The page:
"Good Camel, Rip, champion camel," cooed writer Derek Grzelewski as he reached for the reins of the 1,500-pound animal. "In that instant," he writes, "Rip lashed out at me, baring her large teeth ferociously, green slimy cud dripping from her enormous lips. I sprang back in horror and tripped over the saddle." It wasn't until a week into his month long camel-trekking trip that he finally realized that Rip and the other camels' lashing attacks and tooth-baring displays were mostly bluffs. To inaugurate Smithsonian's new travel section, Smithsonian Journeys, the writer joined seven urbanites and took a trip deep into the Australian outback with the Outback Camel Company. A month spent at close quarters brought him profound admiration for these large "ships of the desert."
Imported from Asia, one-humped camels, or dromedaries, became the go-anywhere jeeps and trucks of the 19th and early 20th centuries, lending their humps and muscle power to build Australia. Dromedaries proved indispensable to early parties of explorers, such as the ill-fated Burke and Wills expedition, which packed 60 gallons of rum just for their animals. Eventually, the internal combustion engine made camels redundant, and their handlers turned them loose. Today, Australia boasts a population of about 400,000 feral dromedaries. Government and private groups are looking at ways to develop a camel livestock industry.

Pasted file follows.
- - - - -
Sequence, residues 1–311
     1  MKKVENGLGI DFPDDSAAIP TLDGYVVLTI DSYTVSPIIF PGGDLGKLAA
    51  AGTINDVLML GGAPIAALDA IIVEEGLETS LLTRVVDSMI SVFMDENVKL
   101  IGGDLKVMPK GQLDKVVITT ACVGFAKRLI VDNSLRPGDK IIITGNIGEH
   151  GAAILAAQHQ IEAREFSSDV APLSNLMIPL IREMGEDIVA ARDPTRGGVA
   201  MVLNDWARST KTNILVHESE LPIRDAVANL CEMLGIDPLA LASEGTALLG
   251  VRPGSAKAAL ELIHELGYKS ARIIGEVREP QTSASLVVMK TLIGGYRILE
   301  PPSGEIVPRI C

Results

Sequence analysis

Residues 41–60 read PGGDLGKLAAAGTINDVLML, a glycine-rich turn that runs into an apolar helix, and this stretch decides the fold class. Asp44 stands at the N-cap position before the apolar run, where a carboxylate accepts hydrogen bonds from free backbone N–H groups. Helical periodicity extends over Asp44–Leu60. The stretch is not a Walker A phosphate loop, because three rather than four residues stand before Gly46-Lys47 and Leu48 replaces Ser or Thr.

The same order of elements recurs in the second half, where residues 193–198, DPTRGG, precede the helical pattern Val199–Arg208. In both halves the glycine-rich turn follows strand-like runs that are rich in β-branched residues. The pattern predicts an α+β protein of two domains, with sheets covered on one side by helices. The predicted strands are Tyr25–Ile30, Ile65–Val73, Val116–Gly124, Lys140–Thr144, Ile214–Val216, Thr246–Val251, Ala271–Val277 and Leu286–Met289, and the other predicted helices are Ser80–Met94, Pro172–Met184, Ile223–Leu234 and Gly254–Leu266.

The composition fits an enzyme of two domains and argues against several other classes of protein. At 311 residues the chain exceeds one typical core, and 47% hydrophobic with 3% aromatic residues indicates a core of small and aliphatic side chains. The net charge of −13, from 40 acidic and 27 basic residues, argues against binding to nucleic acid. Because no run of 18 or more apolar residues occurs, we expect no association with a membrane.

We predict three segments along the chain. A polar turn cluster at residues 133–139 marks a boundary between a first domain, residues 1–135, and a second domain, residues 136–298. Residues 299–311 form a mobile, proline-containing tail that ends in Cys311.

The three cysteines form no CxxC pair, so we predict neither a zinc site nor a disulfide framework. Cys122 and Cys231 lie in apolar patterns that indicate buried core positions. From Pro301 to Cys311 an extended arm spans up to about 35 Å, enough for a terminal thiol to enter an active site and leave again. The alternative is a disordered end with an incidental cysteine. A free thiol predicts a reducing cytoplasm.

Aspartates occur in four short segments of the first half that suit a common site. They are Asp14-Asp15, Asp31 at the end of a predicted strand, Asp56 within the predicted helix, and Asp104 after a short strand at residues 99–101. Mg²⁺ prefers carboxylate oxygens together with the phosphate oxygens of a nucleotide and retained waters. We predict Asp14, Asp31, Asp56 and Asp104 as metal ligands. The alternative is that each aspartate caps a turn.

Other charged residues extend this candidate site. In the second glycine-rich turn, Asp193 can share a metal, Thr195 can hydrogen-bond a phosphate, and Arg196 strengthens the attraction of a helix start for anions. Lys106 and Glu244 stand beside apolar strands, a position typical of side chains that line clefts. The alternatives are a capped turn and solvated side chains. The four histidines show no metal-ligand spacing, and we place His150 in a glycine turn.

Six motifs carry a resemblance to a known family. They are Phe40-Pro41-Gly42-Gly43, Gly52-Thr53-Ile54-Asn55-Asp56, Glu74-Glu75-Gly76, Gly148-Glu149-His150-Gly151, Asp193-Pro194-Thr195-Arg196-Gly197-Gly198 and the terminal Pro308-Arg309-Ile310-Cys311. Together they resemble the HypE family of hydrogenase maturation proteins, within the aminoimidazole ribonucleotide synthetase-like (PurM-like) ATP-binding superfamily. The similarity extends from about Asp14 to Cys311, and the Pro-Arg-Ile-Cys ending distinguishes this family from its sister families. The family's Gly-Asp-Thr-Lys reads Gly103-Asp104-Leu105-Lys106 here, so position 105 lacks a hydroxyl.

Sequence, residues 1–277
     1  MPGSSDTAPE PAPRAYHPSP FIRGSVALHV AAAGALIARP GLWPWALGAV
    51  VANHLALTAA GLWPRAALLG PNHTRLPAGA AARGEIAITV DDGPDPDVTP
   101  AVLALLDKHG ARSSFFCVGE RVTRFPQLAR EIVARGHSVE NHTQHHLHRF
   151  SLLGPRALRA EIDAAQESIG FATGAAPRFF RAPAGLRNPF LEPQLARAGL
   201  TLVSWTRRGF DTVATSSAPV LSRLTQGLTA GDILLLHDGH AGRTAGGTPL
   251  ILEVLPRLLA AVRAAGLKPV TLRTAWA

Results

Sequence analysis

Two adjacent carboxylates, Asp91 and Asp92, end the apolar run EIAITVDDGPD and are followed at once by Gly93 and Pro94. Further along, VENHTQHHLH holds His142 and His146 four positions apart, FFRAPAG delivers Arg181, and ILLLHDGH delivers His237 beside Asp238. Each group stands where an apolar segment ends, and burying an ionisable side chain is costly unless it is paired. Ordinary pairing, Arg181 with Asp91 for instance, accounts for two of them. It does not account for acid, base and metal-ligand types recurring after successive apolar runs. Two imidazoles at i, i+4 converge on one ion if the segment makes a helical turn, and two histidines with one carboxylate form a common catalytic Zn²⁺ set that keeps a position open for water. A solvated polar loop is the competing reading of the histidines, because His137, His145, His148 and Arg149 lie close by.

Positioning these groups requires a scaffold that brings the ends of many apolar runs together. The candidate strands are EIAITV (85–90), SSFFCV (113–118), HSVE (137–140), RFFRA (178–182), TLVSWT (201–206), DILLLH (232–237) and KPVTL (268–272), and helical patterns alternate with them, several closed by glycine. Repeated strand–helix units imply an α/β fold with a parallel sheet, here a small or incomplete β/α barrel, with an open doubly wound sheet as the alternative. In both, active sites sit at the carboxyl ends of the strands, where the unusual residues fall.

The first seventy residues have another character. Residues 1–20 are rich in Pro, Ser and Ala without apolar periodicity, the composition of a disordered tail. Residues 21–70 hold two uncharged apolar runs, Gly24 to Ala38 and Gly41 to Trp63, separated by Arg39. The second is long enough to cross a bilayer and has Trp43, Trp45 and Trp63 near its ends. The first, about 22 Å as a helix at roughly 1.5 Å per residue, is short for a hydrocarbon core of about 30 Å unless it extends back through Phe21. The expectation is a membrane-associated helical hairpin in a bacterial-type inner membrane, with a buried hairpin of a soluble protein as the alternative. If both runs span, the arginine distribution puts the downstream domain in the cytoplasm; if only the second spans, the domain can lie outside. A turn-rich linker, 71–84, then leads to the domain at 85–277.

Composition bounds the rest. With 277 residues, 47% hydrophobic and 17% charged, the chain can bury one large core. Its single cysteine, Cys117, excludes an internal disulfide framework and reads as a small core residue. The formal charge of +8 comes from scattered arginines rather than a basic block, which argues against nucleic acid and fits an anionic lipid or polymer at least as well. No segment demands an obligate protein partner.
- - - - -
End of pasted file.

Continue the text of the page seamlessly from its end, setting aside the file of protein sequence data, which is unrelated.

By trip's end, Grzelewski found reward for his patience with these remarkable creatures: one evening he felt a gentle nudge from behind and turned around to find a gawky face nuzzling him for an interlude of smooching.